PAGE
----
Senators tee up Iran sanctions bill

A bipartisan group of senators is teeing up an Iran sanctions bill, defying the White House's repeated warnings that doing so could derail diplomatic talks on the country's nuclear program. 

Senate Foreign Relations Committee Chairman Robert Menendez (D-N.J.) and Sen. Mark Kirk (R-Ill.), authors of past sanctions legislation, are leading the charge, along with Sens. Charles Schumer (D-N.Y.) and John McCain (R-Ariz.).

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The bill, which is expected to be introduced Thursday, would let the administration waive new sanctions on Iran's energy sector as long as it certifies that Iran is meeting the terms of the interim deal reached last month in Geneva.

“I am working with a series of members, and I expect we’ll have some type of an announcement tomorrow,” Menendez told National Journal on Wednesday. “The dynamics are what I’ve always said they would be, which is to give the president the space and time so that he can test the Iranians’ seriousness of purpose in terms of whether they are willing to strike an agreement, but to be ready should they ultimately fail.”

The White House — and Iran — have warned repeatedly that passing such a bill would derail talks. The administration appeared to gain the upper hand last week after convincing Senate Banking Committee Chairman Tim Johnson (D-S.D.), whose committee would normally take up such legislation, to hold off.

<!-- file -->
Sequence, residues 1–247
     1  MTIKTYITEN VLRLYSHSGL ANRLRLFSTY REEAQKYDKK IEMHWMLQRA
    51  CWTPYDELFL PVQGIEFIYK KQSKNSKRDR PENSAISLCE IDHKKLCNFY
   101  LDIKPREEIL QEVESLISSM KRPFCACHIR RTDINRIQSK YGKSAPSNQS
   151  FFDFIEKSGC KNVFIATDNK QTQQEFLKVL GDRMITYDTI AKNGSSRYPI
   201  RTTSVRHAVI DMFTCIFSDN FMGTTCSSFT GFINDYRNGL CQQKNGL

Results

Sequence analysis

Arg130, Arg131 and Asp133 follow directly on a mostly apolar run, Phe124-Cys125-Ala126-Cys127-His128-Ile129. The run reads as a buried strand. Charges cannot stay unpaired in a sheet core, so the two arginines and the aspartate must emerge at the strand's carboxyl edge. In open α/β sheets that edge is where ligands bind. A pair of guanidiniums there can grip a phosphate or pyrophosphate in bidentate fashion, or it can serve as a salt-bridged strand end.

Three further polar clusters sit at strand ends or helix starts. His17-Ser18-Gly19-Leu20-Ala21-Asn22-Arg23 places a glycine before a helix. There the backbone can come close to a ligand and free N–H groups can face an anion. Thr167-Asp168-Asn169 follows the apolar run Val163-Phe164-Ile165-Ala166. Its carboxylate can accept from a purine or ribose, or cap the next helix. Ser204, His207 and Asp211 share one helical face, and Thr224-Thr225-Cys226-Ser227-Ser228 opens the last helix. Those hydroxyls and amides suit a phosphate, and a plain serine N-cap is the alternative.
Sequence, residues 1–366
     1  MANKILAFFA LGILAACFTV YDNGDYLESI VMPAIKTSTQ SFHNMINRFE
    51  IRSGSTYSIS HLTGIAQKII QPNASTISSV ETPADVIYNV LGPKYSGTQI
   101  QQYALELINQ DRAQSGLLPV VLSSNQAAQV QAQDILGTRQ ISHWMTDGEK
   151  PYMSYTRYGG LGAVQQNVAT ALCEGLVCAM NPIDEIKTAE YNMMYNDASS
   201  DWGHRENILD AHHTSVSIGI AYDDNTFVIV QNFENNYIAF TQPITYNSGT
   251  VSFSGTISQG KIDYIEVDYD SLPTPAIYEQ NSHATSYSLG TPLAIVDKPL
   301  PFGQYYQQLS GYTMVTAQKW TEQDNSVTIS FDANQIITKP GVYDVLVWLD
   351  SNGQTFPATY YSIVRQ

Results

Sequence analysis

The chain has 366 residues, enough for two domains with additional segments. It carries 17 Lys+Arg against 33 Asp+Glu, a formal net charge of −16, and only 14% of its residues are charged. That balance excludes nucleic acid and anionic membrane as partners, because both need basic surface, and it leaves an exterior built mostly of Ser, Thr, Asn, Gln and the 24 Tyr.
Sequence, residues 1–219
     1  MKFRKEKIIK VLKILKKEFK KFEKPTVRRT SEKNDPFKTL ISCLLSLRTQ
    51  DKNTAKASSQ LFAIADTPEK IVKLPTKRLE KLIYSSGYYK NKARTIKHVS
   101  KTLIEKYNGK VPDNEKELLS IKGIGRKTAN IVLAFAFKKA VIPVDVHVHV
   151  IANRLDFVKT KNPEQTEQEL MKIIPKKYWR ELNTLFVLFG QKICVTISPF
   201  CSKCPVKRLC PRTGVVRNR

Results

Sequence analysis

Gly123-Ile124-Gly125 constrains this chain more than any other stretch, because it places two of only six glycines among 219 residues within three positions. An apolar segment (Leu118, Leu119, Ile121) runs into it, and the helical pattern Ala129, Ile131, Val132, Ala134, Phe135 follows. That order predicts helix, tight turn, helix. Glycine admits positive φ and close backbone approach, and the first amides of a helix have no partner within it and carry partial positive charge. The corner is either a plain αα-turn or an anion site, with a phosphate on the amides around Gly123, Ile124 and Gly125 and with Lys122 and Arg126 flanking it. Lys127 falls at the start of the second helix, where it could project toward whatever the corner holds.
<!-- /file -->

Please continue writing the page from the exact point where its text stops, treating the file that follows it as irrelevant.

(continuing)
“If no final deal is reached, or Iran fails to comply with the first step agreement, this committee will act swiftly to impose a new round of sanctions,” Johnson said last week after hearing from President Obama's top Iran negotiator, Under Secretary of State Wendy Sherman, and the Treasury Department's top sanctions official, David Cohen. “In the meantime, I agree with today's witnesses that a pause on new sanctions legislation is justified to see if such a deal is possible.”

The new Menendez-Kirk bill would also require that any final deal with Iran end its ability to enrich uranium. Secretary of State John Kerry has suggested that such a requirement was a nonstarter for Iran.

“That deal was on the table a hundred years ago,” Kerry testified before the House Foreign Affairs panel last week. “But that deal, I'm afraid, has ... been lost.”

“At the end of this, I can't tell you they might not have some enrichment,” Kerry said, “but I can tell you with certainty it will not be possible for them to be able to turn that into a weapons program without our knowing it ... far in advance.” 

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